….to screw up and do badly. This is an article I’ve been wanting to do for a while now, but with deathblade’s recent ‘learning Chinese’ page up, I thought this was a good time! Now, I’ve previously talked here about lazy/bad translations, but that’s not what we’re talking about in this article (although laziness is deadly). What we’re talking about here is how easy it is to screw up a translation of an important phrase or term….in large part due to the beauty and impreciseness of Chinese. This has resulted in many ‘bad translations’, even by me, and definitely around the web.
Scroll to the very bottom if you are only interested in ‘Desolate Era’.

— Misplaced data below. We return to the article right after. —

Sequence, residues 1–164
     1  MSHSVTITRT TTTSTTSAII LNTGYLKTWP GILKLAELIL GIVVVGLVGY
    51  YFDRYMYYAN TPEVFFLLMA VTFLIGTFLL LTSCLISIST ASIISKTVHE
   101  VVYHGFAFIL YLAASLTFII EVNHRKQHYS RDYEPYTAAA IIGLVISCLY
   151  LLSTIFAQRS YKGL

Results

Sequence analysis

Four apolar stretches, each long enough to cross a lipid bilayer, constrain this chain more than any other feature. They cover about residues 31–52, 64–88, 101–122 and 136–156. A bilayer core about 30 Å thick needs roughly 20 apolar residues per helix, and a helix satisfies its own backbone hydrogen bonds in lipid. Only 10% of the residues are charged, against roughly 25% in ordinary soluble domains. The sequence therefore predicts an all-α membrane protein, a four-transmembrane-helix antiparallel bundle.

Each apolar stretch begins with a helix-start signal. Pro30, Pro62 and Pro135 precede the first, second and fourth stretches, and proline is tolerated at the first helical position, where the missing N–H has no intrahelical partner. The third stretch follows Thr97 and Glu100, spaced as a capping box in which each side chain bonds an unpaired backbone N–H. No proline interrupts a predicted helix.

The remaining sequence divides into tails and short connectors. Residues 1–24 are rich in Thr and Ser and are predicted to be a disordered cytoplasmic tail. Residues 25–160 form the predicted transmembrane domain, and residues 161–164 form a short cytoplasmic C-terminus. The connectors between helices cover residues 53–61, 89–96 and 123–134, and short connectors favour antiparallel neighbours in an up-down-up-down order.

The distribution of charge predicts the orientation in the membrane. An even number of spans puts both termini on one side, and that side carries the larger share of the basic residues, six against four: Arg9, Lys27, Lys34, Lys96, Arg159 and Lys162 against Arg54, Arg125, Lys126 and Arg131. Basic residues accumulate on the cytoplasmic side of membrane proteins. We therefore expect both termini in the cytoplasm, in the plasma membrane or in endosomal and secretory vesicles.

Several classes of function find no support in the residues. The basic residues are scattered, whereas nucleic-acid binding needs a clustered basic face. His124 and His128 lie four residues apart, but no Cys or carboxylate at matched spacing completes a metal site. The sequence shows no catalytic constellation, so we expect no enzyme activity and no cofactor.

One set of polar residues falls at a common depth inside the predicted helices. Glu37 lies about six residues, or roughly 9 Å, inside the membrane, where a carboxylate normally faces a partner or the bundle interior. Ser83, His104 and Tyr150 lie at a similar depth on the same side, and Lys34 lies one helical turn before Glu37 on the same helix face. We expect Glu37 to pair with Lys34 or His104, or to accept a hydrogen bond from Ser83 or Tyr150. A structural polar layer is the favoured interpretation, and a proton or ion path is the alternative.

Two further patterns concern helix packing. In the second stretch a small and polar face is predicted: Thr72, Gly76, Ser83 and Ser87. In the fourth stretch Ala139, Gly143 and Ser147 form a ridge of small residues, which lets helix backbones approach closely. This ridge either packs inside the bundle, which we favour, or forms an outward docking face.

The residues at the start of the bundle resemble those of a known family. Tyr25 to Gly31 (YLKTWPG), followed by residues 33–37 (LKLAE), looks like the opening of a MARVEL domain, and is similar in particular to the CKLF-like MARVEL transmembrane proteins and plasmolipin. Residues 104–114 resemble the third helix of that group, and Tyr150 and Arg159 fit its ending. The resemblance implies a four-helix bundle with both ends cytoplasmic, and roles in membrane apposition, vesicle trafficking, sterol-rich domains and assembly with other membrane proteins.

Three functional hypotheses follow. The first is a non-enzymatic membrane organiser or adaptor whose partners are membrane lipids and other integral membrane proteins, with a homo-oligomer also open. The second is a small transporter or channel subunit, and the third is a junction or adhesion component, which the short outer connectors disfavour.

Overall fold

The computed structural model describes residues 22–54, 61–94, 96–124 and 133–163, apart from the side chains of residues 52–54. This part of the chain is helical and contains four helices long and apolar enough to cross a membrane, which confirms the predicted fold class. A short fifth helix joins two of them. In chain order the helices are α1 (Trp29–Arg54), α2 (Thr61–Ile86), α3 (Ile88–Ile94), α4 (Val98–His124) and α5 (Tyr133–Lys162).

English is a very precise language, but Chinese grammar, especially in poetic and literary Chinese, operates on the basis of a single phrase – brevity is mastery. As a result, Chinese is a beautiful but often imprecise language; you drop all ‘unnecessary’ words, such as possessives, articles, or even classifiers, and you often use syntax based on what sounds better. In fact, there are no actual plurals in Chinese, which can lead to multiple interpretations of certain things (deathblade is driven utterly bonkers by Chinese grammar).
For an example, the term 十殿阎王, which literally translates to ‘Ten Hall Yama King’, can either mean ‘King Yama of the Ten Halls’, or the ‘Yama-Kings of the Ten Halls’. This may or may not have resulted in the fact that in some Chinese myths, there is a Yama-King for each of the Ten Halls of Hell, while in others, there is a single King Yama who rules over all of Hell and its Ten Halls. Just imagine it! As translators who use English, we need to give you one or the other; we can’t give an imprecise phrase that can mean either one like Chinese can.